- Fritjof Capra, The Tao of Physics

Oh well.  I do wonder if this kind of quote-mining would be better on a New-age forum than on a Buddhist one. 

By the way, you still haven't clearly explained what Amida Buddha is.

Are you really a Buddhist, or are you really just here to preach your perennialist dogma?
« Last Edit: August 19, 2018, 02:38:16 am by Dairy Lama »
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Offline stillpointdancer

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Re: Amida Buddha & The Book of Exodus
« Reply #7 on: August 19, 2018, 04:06:17 am »
As a Buddhist, I would look to the Hebrew scriptures for the purpose of comparative religion. Due to the limitations of human language, are the various world religions explaining the same Ultimate Truth in diverse ways?

I like studying different religions and finding similarities and exploring differences. Many of the world's religions are based on interpretations of what happens during insight experiences, however they come about. Sometimes accidentally throught fasting, or thinking while walking, or while just sitting doing nothing, but often they are the result of practices designed by that religion. The differences come about by the varied interpretations of what those experiences mean, in the period of reflection afterwards.

It's important for any religion to make sure that such experiences are interpreted according to that particular religion, so that everyone continues to sing from the same songsheet, or hymnsheet. Central to this is the nature of 'truth' arising from the experiences. Hence the idea of an 'Ultimate Truth' (usually with the same capital letter strategy as used in the word God). Of course there is no revealed truth, but an interpretation of a universal experience, known in Buddhist circles as 'enlightenment', but in others as 'finding God' or 'being reborn in Jesus' or any other such phrase, depending on the religion.

The only 'truth' is that we can all go through the human experiences of insight and (dare I say it) enlightenment, and can subsequently see things in a different way, as only those who have gone through such experiences can. These insights should have as infinitely varied subsequent interpretations as the people who have them, but for many reasons, mostly of control and mostly with the 'best' of intentions, they are challenged and channeled according to the context of time and place.

I'm a Buddhist in that the path is the best way, at least for me, of providing practices and the checks and balances needed when attempting to experience such things for yourself.

“You do not need to leave your room. Remain sitting at your table and listen. Do not even listen, simply wait, be quiet, still and solitary. The world will freely offer itself to you to be unmasked, it has no choice, it will roll in ecstasy at your feet.” Franz Kafka

Offline Dairy Lama

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Re: Amida Buddha & The Book of Exodus
« Reply #8 on: August 20, 2018, 01:43:46 am »
I like studying different religions and finding similarities and exploring differences. Many of the world's religions are based on interpretations of what happens during insight experiences, however they come about. Sometimes accidentally throught fasting, or thinking while walking, or while just sitting doing nothing, but often they are the result of practices designed by that religion. The differences come about by the varied interpretations of what those experiences mean, in the period of reflection afterwards.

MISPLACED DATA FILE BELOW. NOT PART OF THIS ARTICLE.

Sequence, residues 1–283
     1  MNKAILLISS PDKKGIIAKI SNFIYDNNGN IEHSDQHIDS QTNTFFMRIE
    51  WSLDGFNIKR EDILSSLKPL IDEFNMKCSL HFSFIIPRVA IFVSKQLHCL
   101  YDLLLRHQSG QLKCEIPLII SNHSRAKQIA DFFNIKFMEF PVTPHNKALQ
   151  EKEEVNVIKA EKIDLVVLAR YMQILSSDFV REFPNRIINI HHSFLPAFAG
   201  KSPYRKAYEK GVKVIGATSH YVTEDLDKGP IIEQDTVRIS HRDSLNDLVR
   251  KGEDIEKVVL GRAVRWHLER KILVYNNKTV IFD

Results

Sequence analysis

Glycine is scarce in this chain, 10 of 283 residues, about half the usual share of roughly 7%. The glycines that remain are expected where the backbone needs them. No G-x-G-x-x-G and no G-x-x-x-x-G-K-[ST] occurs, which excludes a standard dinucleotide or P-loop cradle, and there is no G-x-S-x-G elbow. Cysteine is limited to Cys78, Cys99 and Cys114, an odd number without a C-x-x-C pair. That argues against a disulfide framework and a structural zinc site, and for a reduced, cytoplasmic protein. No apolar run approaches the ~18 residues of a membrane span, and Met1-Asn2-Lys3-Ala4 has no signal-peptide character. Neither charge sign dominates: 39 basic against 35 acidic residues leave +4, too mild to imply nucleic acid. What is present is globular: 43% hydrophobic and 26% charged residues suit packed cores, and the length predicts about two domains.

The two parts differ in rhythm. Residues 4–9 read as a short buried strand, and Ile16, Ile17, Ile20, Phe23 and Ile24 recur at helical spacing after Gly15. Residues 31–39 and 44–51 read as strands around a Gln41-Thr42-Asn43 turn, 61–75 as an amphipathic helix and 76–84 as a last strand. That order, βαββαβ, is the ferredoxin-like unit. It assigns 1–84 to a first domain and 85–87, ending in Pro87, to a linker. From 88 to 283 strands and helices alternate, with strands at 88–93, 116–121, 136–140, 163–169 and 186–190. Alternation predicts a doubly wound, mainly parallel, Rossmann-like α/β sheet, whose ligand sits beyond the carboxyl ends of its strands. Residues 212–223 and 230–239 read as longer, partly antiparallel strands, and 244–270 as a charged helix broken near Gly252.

Yes, there are many different explanations for the "spiritual" experiences that people have, according to the beliefs and assumptions of various religions, and of various individuals.    But I also think there are many varieties of "spiritual" experience, and that their subjective nature means it is very difficult to make objective comparisons. 

As for perennialism ( the real topic of this thread ), it looks to me like a very superficial approach.  It reminds me of that old hippy cliche: "It's all one, man!"
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Re: Amida Buddha & The Book of Exodus
« Reply #9 on: August 20, 2018, 02:03:41 am »
I like studying different religions and finding similarities and exploring differences. Many of the world's religions are based on interpretations of what happens during insight experiences, however they come about. Sometimes accidentally throught fasting, or thinking while walking, or while just sitting doing nothing, but often they are the result of practices designed by that religion. The differences come about by the varied interpretations of what those experiences mean, in the period of reflection afterwards.

Yes, there are many different explanations for the "spiritual" experiences that people have, according to the beliefs and assumptions of various religions, and of various individuals.    But I also think there are many varieties of "spiritual" experience, and that their subjective nature means it is very difficult to make objective comparisons. 

As for perennialism ( the real topic of this thread ), it looks to me like a very superficial approach.  It reminds me of that old hippy cliche: "It's all one, man!"
There is an interesting body of thought that religions arose to control the interpretations of insight experiences, so that everyone could have a shared world inderstanding. Those societies that didn't do that died out as those that did became more successful.
“You do not need to leave your room. Remain sitting at your table and listen. Do not even listen, simply wait, be quiet, still and solitary. The world will freely offer itself to you to be unmasked, it has no choice, it will roll in ecstasy at your feet.” Franz Kafka

Offline Chaz

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Re: Amida Buddha & The Book of Exodus
« Reply #10 on: August 20, 2018, 06:33:35 am »
I like studying different religions and finding similarities and exploring differences. Many of the world's religions are based on interpretations of what happens during insight experiences, however they come about. Sometimes accidentally throught fasting, or thinking while walking, or while just sitting doing nothing, but often they are the result of practices designed by that religion. The differences come about by the varied interpretations of what those experiences mean, in the period of reflection afterwards.